Hulu’s new comedy “Dollface” stars Kat Dennings as Jules, a woman jumping back into friendships after breaking up with her boyfriend. Production designer Susie Mancini and prop master Sarah Snyder were tasked with balancing the grounded elements of the show with the satirical and fantastical moments that also exist within the series’ world.
Woom, the fictional women’s lifestyle company where Jules works, is a recurring set. For that, Mancini wanted the architecture to reflect the femininity of the business, and she based it in part on The Wing, a women-centric workspace that originated in New York City.
“The corners where the walls attach to the floor are curved, so it’s very pleasant for the eye,” Mancini says of the design, which is “exaggerated at times because of the satirical view.” Mancini finished the walls with a special soft stucco. Though pricey, the material provides a subtle texture that adds a sense of depth and creates more interest in the frame.
Woom isn’t the only set where Mancini uses unique finishes to enhance the visual storytelling. In Episode 2, when Jules moves into a furnished apartment, Mancini has to determine the qualities of the person who would have lived there based on a few scripted lines. She envisioned the busy, comfortable home of an elderly woman and designed each wall, including the ceiling, with different textures and patterns to enhance the backstory. Wood finishes and dimensional wallpaper, painted over to give it a glossy look under the hot stage lights, add to the home’s feel. Mancini stuck with subdued colors so the actors would stand out. “It was a lot for the eyes,” says Mancini, who admits the look was risky.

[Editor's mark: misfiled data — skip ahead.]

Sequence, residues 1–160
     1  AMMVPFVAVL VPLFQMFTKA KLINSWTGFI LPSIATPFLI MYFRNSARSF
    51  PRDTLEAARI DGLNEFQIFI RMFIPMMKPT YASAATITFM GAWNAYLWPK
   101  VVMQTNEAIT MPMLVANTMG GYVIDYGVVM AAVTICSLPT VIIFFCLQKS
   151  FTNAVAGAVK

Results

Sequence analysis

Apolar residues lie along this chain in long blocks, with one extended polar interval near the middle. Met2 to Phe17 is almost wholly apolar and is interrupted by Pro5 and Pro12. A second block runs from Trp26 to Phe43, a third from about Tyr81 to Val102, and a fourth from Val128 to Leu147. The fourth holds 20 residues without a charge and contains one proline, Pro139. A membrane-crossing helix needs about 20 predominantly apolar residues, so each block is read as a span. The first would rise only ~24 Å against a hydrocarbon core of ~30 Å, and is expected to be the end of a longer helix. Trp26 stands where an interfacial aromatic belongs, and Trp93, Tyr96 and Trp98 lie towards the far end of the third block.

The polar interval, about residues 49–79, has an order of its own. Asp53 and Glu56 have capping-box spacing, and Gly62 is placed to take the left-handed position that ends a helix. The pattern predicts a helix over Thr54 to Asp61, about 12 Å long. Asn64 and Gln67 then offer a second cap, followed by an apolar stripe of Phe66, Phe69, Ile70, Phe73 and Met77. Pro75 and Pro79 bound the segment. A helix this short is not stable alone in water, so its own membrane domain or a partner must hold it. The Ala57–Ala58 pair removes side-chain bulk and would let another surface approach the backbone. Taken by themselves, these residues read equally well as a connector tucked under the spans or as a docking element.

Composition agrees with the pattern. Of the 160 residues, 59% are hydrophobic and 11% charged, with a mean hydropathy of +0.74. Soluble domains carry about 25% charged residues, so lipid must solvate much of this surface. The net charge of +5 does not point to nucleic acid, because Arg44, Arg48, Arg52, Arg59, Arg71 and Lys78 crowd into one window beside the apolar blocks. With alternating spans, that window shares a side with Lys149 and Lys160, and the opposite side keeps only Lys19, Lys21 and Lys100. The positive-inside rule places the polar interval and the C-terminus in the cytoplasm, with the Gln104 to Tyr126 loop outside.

The sets provided the framework for the series’ action, much of which involved prop master Snyder creating or sourcing an array of seemingly random items, such as the glass helmet that Celeste (Malin Akerman) wears for a beauty treatment in Episode 2. Snyder found a plastic version, since glass would have been too heavy for Ackerman to wear. She had to poke strategic holes in it, so it wouldn’t fog up during the scene. “You have to think of things like that,” she says.
Since the beauty treatment involved geckos — and there are shots of the actual lizards in the episode — Snyder had to come up with believable fakes. To create the perfect match, the construction department hand-painted ones she found online to match the living reptiles.
In a later episode, the crew was on location near Chinatown in Los Angeles when the producers decided a character should eat a T-bone steak on camera. It was late at night, and Snyder had to find a store that was open — and that sold steaks. “It’s hard to find American food in Chinatown,” she says. “Luckily, I found a store on the other side of the 110 [freeway] and the guy thought I was crazy. I bought 20!”